Former Farm Workers Receive Training to Run Their Own Farms12 June 2017
Vaal University of Technology tackles unemployment with skills development
Budding entrepreneurs from The Vaal University of Technology (VUT) have witnessed how the power of skills training in different forms of farming, business and marketing can contribute to social development, job creation and sustainability for communities, as it did for the Bantu Bonke Community in the Midvaal.
As a result, the Enactus VUT team which has providing the skills training, has been recognised as one of the eight finalists for the Barloworld Social Innovation Youth Awards (BSIYA) competing at the judging ceremony on Friday, 30 June.
The community farming project covering four hectares of land was initiated in 2006 following the return of land to the community after the 1994 democratic elections. Fifteen direct beneficiaries including 12 women and three men were former employees of the farm. The idea was to enhance their agricultural expertise by teaching them new forms of farming such as hydroponics (vegetable farming). This entailed appointing a mentor who would offer advanced technical hydroponics training and mentoring at least two members on how to manage the business to ensure the sustainability of the project as well as how to use water and energy sustainably.
Currently, there are 15 greenhouse tunnels on the farm where tomatoes, green peppers, cucumbers, lettuce and brinjals are being grown. The Enactus VUT team has further assisted the beneficiaries with training in business and marketing management.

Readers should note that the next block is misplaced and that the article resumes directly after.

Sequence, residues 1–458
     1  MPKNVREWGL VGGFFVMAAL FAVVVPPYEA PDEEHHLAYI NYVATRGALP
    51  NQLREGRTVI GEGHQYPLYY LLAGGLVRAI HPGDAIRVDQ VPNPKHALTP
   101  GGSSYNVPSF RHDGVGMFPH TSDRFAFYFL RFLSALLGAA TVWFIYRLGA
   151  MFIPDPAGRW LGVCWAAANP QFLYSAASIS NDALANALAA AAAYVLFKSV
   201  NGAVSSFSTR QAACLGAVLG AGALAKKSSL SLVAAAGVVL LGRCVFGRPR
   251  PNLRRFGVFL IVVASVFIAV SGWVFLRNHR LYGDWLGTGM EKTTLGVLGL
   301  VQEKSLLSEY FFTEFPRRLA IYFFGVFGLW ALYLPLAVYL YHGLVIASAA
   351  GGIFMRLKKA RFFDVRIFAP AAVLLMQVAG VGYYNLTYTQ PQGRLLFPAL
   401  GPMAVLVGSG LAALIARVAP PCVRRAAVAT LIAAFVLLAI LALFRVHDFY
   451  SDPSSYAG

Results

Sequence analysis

Says Kelebogile Tshenolo Mahlatsi, Enactus VUT Team Leader, “The project has come a long way since 2015, when we identified some areas that were hindering the progress made by the farm, for example, the branding of their produce. Once the farmers packaged their product in branded containers, their ability to distribute to retailers became easier.”
Mahlatsi says she is excited about the progress made and there are plans to roll out other farming opportunities which will realise a total of 197 jobs created in the three-phased approach:
- Phase one: Hydroponics vegetable farming which aims to create 39 job opportunities;
- Phase two: Poultry Farming which will create 40 new jobs opportunities; and
- Phase three: will be commercial in-land fish farming which will create 128 jobs.
“Over the next three phases, we will be able to assess the project, not only by the number of jobs being created but also by the increase in the number of retailers purchasing from the farm. The growth of their farming business will also enable them to incorporate appropriate technologies that will assist them with the production and processing of their produce,” she explains.
The Enactus VUT team aligned this project with Government’s National Development Plan (NDP) as well as the United Nations Global Sustainability Goals to:
- Develop and sustain entrepreneurship amongst women and youth;
- Address local skills development and capacity building needs; and
- Address food security and alleviate poverty.
“We believe in initiatives like these that have the potential to contribute towards solving the challenges facing many of our communities. Particularly exciting is that the team has also thought of how to make this project sustainable over the long-term,” says Group executive of Corporate Affairs at Barloworld, Sibani Mngomezulu.
“Barloworld seeks to be a catalyst for change and to contribute to the empowerment and transformation initiatives that will ensure the sustainability of our broader society. In supporting Enactus, we are able to play an important role in promoting entrepreneurship, encouraging young people to improve lives and strengthen communities, and developing responsible leadership,” he concludes.